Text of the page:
What I'm getting at there is that buying a very formidable OpenCL capable graphics card is actually orders of magnitude cheaper than upgrading to a substantially more powerful CPU. Often times to do that you may need a new motherboard, which will run ~$150 or more (as you want quality components for 24/7 operation), with a CPU for it ranging in the $300-1000 range. That's a heck of a lot more than $50 for an OpenCL graphics option, which might I add will work in anything since... around 2005! On top of that, you can plug multiple graphics cards into a system to increase capacity, something not financially viable for people when it comes to pure processing power.

However, I'll admit that as far as FoldIt goes, running multiple GPUs for increased number crunching wouldn't be of much additional use unless we were also doing full-on Rosetta@HOME computations. BUT at the same time, given that Foldit isn't even all that thread-aware as it is, we can't even properly leverage what we do have unless we're running multiple instances of Foldit to run recipes. I just purchased an AMD Ryzen 7 processor which has 16 threads ($320, a quality motherboard runs ~$135, RAM ~$80), which it sucks that Foldit won't really be able to utilize it unless I open up a dozen clients :(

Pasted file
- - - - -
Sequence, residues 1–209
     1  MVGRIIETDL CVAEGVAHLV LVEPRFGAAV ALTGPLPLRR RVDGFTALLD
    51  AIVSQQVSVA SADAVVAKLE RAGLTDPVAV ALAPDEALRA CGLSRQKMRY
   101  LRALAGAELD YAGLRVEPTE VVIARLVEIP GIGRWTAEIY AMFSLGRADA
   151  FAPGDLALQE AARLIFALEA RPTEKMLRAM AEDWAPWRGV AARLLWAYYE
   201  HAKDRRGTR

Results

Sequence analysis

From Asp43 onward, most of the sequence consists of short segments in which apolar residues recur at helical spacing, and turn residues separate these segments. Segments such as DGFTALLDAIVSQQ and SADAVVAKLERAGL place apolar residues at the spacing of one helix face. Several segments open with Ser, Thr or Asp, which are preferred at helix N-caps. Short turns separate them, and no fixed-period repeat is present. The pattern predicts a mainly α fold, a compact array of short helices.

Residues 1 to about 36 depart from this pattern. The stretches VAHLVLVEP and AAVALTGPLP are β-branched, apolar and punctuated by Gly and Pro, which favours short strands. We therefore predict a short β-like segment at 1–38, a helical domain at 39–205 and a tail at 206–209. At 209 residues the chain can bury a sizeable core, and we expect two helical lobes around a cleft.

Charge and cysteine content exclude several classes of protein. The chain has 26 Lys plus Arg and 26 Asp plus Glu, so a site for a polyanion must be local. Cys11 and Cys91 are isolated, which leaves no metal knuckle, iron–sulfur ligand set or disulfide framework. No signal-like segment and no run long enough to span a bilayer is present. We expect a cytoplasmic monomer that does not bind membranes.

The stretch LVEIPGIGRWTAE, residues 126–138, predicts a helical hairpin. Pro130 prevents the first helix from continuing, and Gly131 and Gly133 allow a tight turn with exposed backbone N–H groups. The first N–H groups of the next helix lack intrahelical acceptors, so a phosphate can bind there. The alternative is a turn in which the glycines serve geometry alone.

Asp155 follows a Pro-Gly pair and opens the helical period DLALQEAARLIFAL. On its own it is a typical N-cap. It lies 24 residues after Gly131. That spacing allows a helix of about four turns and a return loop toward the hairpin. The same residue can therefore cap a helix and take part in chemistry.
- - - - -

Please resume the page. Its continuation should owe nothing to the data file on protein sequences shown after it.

In the end, what I'd ideally like to see would be at least multi-threaded support on the CPU side, but if that's more work than to simply add in OpenCL support, then I'd be more than happy for that! Because my understanding of what Foldit is, was a game to play that had very real scientific merit behind it. If we're worried about "being fare to other players because they might not score as well due to their computer's performance", what are we even doing here? The whole point of having more powerful computers is to allow us to do bigger and greater things, and faster. I personally don't find enjoyment from letting recipes run, I don't feel like I'm doing anything in that regard.